The Challenges of Brexit: Highlighting Intersectional Invisibilities

Ali, Amal (2018) The Challenges of Brexit: Highlighting Intersectional Invisibilities. In: Human Rights in a Changing Europe – Colliding Spheres of Justice?, 15/06/2018, Queen's University Belfast.

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Item Type:Conference or Workshop contribution (Paper)
Item Status:Live Archive

Abstract

The legal regulation of Muslim communities within Europe has been a topic for scholarly debate for some time now and has become even more prominent in a post Brexit landscape. These discussions are often framed around human rights, multiculturalism, citizenship and the law and focuses on the management of religious and cultural difference in the public sphere. While both the Convention and EU Law have been a source of rights for many minorities in the United Kingdom, it has not been equipped to deal with claims regarding multiple or intersectional discrimination.

This paper critiques the reality that an increasing number of regions, provinces and States across Europe have restricted the manifestations of religious belief, with limited intervention from the ECtHR. Current restrictions on religious freedom across Europe include work place bans, bans at educational establishment and a general ban which extends to the public sphere. Similarly, the CJEU held that workplace bans do not run counter to their anti-discrimination legislation , if it enables the employer to pursue the legitimate policy of ensuring religious and ideological neutrality.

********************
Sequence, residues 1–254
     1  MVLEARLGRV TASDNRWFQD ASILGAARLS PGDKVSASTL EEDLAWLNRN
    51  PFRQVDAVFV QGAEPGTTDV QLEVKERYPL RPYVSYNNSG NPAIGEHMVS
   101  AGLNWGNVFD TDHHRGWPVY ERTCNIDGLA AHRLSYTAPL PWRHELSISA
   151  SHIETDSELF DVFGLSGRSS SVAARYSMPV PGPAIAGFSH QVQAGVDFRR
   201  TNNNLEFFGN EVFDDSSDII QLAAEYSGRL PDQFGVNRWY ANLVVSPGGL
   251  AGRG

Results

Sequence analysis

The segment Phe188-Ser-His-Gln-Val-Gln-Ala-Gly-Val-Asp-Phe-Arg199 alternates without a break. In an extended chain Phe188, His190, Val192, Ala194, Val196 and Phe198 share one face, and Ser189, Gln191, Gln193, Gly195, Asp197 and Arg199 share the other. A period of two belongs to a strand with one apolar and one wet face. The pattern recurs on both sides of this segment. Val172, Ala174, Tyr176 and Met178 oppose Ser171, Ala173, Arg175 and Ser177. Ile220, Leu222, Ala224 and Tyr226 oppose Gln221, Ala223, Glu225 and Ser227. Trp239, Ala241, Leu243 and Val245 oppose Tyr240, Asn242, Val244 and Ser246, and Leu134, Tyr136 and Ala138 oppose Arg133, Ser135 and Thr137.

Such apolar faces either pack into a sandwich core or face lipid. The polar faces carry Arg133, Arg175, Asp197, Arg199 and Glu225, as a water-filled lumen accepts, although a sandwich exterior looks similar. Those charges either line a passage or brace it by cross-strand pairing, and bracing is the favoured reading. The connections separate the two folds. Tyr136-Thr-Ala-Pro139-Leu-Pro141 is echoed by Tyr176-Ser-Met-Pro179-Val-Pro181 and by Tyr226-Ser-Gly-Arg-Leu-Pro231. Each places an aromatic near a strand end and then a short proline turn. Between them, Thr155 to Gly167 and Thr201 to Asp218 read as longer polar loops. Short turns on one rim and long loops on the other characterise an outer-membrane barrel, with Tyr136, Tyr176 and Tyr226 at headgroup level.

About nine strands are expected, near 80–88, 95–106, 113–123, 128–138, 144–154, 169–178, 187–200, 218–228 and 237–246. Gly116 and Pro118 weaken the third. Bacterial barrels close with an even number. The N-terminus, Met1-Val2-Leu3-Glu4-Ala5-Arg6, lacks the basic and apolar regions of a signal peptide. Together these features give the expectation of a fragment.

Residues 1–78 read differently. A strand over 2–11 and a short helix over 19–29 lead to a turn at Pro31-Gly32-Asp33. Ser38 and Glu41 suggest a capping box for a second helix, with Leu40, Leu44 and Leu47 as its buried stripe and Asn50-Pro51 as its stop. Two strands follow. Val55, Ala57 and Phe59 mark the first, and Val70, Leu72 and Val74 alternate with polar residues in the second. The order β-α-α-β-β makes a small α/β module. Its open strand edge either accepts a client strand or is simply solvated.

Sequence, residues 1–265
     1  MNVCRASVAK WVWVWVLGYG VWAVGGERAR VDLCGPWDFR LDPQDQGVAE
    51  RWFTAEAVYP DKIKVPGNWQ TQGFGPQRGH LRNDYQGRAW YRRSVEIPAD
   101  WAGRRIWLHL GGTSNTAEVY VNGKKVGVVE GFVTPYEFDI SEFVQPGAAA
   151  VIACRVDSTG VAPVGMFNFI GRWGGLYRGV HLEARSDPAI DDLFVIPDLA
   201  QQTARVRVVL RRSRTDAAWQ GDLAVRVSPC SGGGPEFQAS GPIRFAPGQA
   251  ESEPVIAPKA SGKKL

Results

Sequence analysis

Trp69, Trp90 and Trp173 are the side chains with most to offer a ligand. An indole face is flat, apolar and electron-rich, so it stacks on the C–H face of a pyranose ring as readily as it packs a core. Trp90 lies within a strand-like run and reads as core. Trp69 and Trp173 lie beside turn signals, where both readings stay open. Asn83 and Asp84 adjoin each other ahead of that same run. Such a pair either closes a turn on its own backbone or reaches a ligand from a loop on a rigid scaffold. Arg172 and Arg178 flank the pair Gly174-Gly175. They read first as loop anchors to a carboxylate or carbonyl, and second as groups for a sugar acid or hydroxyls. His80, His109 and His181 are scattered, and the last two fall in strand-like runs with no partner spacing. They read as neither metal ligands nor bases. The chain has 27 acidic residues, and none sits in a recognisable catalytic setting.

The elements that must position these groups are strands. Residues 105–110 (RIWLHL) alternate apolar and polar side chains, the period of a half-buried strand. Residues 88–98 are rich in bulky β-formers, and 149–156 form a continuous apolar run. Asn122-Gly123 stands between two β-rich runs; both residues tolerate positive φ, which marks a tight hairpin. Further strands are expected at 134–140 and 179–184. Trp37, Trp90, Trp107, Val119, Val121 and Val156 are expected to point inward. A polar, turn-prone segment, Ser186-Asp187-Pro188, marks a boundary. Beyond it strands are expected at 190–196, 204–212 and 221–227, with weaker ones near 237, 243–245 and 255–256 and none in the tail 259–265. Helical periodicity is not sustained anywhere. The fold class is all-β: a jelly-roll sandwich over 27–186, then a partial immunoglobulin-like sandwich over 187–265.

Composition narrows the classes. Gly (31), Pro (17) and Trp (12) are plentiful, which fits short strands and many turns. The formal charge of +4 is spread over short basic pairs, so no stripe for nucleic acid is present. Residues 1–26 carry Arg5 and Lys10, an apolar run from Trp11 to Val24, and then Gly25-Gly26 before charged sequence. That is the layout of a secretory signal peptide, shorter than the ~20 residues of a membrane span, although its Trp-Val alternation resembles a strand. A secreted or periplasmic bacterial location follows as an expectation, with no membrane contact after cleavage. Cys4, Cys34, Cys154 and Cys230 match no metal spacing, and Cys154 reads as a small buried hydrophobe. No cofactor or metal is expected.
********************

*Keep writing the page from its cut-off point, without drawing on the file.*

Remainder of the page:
Drawing from intersectional theory, which argues that identity politics often replicate the exclusion of other groups; this paper will use intersectionality to identify shared assumptions and understandings of ‘gender’ and ‘religion’ which may continue to reassert traditional perceptions of women and religion. This is especially important in light of the fact that since the UK’s decision to leave the European Union, there has been an increase in hate crimes against Muslim minorities. While the EU’s anti-discrimination legislation has generally improved the UK’s equality infrastructure, it important to acknowledge that both legal systems do little to protect the rights of those in the margins.

Keywords:EU law, Fundamental rights, intersectionality
Subjects:M Law > M120 European Union Law
Divisions:College of Social Science > Lincoln Law School
ID Code:32438
Deposited On:20 Oct 2018 21:28

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